- PhD candidate
Room 521, East Quadrangle
Adapting Landscapes: Putting Scotland's Cultural Heritage in Question
Summary of Research
The idea that Scotland's quintessential landscapes are remote, rugged and wild is deeply ingrained and popularly rehearsed. For many among us, the landscapes of the Highlands and Islands are a touchstone, to which are moored imaginative, romantic feelings of national identity. This same landscape imagery is reproduced as cultural heritage, continually circulated and mediated to sell Scotland on the world stage. As Withers (1992: 143) observes ‘The Highlands are both real – an area of upland, geologically largely distinct from the rest of Scotland – and they are a myth, a set of ideologically laden signs and images’. Celebrated as wilderness and as cultural hearth (MacDonald 2013), this essential landscape does much to obscure a 'motley assortment' of other heritage landscapes (Lorimer 2013), themselves replete with cultural meaning, significance and association. The argument for ‘opposite’ landscapes is given added traction when we remember the demographic fact that the majority of Scotland's population inhabits the urbanised central belt in which landscape qualities of 'wildness' and 'remoteness' are generally lacking. Despite this “grandeur deficit”, there is increasing recognition that exurban, post-industrial, partially degraded or abandoned landscapes have the capacity to generate intensities of belonging and attachment, reflecting new, distinctive heritage values (Orton and Worpole 2013). Consider, for example, the remediated shale “bings” of West and Midlothian (familiar landmarks for the average Scotrail commuter), that have gradually transformed from waste to monument, existing both as ‘process sculpture’ and bio-diverse leisure landscape (Richardson 2012).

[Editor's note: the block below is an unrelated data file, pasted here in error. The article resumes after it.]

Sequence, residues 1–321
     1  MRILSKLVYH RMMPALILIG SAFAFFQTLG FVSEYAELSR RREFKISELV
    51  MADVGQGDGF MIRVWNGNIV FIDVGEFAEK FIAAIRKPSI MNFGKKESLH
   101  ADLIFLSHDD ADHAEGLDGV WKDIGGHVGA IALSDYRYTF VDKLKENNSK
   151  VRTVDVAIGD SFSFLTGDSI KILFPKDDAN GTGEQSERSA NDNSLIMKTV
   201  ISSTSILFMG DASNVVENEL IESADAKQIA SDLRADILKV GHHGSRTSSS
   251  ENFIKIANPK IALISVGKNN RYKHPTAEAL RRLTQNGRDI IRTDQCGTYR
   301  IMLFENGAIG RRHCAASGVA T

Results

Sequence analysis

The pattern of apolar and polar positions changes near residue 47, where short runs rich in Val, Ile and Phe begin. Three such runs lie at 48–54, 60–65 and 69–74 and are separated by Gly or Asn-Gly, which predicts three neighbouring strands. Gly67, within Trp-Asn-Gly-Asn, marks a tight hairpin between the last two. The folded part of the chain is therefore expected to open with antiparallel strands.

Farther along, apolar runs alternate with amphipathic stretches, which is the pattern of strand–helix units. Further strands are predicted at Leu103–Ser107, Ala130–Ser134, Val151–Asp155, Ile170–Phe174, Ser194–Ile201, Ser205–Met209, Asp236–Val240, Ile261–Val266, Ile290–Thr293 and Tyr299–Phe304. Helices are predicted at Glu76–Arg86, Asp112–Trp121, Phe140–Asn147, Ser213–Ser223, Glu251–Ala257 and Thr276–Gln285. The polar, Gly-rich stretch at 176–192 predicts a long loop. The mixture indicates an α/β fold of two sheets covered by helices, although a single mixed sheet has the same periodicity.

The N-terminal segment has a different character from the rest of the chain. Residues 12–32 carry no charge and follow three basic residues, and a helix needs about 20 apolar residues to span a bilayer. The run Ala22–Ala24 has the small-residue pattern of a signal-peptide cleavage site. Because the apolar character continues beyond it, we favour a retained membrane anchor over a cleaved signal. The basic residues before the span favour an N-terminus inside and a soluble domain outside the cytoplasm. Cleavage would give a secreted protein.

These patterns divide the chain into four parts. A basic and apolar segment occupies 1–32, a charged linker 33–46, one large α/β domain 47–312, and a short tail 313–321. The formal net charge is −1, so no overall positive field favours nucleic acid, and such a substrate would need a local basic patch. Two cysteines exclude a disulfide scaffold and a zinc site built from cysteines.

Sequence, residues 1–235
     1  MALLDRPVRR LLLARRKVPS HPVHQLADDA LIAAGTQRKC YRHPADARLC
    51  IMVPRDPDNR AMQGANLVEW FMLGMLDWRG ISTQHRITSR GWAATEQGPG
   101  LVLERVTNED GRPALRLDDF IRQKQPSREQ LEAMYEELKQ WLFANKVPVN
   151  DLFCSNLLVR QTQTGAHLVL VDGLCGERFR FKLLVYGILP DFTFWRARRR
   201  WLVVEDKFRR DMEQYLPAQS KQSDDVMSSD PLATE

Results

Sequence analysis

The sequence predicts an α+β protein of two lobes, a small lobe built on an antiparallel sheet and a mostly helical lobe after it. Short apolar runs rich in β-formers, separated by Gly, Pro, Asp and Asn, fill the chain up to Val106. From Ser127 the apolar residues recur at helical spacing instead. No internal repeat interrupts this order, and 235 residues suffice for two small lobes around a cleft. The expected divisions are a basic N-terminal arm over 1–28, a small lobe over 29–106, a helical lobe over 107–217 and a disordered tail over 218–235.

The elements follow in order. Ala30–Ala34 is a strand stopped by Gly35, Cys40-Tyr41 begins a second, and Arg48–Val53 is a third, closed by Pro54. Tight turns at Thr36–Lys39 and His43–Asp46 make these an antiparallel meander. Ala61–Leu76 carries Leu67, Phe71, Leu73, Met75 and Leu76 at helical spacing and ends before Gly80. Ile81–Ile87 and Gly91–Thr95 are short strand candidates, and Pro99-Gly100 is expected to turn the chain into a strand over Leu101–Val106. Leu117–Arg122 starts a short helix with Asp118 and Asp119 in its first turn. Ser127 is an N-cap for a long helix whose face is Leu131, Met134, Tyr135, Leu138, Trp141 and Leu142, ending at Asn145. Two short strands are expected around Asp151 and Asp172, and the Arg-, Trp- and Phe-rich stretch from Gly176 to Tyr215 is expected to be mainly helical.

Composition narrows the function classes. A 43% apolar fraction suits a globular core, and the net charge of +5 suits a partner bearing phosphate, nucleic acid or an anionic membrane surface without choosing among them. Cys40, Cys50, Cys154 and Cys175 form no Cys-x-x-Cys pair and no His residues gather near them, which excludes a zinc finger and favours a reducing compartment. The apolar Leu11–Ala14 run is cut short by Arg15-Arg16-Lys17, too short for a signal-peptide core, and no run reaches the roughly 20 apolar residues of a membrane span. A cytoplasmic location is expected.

This research project will focus attention on the formative aesthetics of this ‘new Scottish landscape’. The primacy of wilderness within the national consciousness will be challenged. As a cultural alternative, more proximate landscapes that are ‘botched, buggered and beleaguered’ (Lorimer 2013) will be the subject of inquiry. The project will initiate a series of experimental landscape studies, offering fresh perspectives on how we should approach, define and value heritage landscapes in the near future. Methodologically, I will seek to embed myself in each emergent landscape, treating it variously as social situation, as material process, temporal event and lived reality. Through a diverse range of forms of fieldwork and observant participation, I will variously document these sites, amassing notes, still photographs and filmed footage so as to be able to creatively “story-board” processes of "landscape adaptation", subjecting them to critical interpretation and analysis. This archive of site-specific materials will later be my resource for writing and reflecting on the ‘new Scottish landscape’.
Alex Hale, Alison Fisher, John Hutchinson, Stuart Jeffrey, Sian Jones, Mhairi Maxwell, and John Stewart Watson (2017) "Disrupting the heritage of place: practising counter archaeologies at Dumby, Scotland", World Archaeology (published online June 2017)
- Economic and Social Research Council (ESRC) Studentship via the Human Geography Pathway, 2015-2018
- School of Geographical and Earth Sciences Tuition Fees-paid Scholarship for the MRes in Human Geography, 2013-2014
Heritage and Society - 4th Heritage Forum of Central Europe, Krakow, Poland, 1st-2nd June 2017, "Concrete Heritage - The Great Polish Map of Scotland"
- Geography Level 1 Lab Demonstrator, 2015-2016
- Geography Level 1 Tutor, 2016-2017
- 2015 - Present: ESRC funded PhD in Human Geography
- 2013 - 2014: MRes in Human Geography, University of Glasgow
- 2005 - 2009: MA (SocSci) in Geography and Politics, University of Glasgow